effect of Gerovital-H3® as well as the lack of any side effects
can be accounted on the fact that it is a reversible and competitive-MAO
Luth (2) mentioned that "procaine influence on the patient's
psychic condition was signalled for the first time in the medical
literature by Aslan". Subsequent to Aslan's investigations on
the psychic effect of procaine (3), Pfeiffer (4) carried out pharmacological
studies on demethylaminoethanol (DMAE) action and noticed a mental
stimulation. This study placed emphasis on the relations existing
between DMAE and acetylcholine. DMAE breaks through the blood-brain
barrier taking part in the metabolic process of the nervous cells
fixing their proteic and lipid fractions and changes into choline
from Los Angeles University, published in 1972 the results of a comparative
study showing that Gerovital-H3® has
an inhibitory effect upon the MAO-brain, liver and the heart of the
made a pharmacological study upon Gerovital-H3® and summarised
as such its basic mechanisms (6):
competitively and reversibly inhibits the MAO;
It acts as an antidepressive through the modification of the monoamine
level in the brain and it is very selective in the oxidative desamination
The oxidative desamination of monoamines is done in such a way as
to eliminate the hyper-blood-pressure peaks so typical after administering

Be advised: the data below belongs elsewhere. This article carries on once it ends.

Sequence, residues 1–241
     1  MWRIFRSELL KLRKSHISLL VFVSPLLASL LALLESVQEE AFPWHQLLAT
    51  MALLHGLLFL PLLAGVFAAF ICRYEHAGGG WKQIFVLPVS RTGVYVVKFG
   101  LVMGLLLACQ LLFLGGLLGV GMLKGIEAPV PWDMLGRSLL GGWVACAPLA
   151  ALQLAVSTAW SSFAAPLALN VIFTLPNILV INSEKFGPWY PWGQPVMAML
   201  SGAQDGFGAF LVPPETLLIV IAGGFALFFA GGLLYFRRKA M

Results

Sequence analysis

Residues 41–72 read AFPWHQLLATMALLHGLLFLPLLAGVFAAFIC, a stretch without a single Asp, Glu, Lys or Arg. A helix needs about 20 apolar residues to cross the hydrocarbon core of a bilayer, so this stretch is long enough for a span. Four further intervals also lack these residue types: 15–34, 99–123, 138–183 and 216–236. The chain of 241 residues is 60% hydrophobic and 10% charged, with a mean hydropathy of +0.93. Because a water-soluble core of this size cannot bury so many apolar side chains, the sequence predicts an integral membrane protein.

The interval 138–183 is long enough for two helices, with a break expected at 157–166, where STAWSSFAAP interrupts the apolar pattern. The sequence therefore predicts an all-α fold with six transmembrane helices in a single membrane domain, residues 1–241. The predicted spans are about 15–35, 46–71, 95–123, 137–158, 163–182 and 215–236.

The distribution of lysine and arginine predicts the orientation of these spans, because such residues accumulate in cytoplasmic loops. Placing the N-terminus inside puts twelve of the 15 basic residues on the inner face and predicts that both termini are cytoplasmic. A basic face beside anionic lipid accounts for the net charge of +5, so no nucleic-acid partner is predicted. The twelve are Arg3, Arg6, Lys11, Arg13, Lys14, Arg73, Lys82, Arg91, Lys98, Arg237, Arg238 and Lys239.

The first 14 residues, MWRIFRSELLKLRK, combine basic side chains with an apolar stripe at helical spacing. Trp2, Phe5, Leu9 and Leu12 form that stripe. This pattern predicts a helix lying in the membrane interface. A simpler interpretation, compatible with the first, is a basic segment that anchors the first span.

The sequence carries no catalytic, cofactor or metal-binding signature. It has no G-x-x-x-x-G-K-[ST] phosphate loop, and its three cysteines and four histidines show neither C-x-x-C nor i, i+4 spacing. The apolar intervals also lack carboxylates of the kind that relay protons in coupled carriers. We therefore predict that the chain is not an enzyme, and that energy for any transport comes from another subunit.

other MAO inhibitors.
McFarlane proved the increasingly inhibitory action of Gerovital-H3®
upon MAO from 17.8% to 87.7% depending on the dose administered (7).
McFarlane appreciated Robinson's important contribution to the understanding
of a biochemical modification connected with the ageing process. He
noticed that Gerovital-H3® induces a stronger MAO inhibition than
the normal procaine hydroclorate and its action is reversible and
Zung from Duke University, North Carolina, applied Gerovital-H3®
treatment for 28 days, using the double-blind method, on three groups
of patients who suffered from depression (9). One group of patients
aged 60 were submitted - before, during and after the treatment -
to a battery of psychological tests (Zung is the author of a well-known
scale of psychological tests) which proved the Gerovital-H3® efficiency
in the treatment of depression.
a double-blind study (10) conducted on depressive patients, the antidepressive
effect of Gerovital-H3® was evaluated by means of psychiatric
and psychological investigations. The tests on depression showed a
higher percentage of improvement for Gerovital-H3® treated patients.
The following items were alleviated: depressed mood, sociability and
fatigue-70%, agitation-60%, anxiousness and hypochondriasis-45%.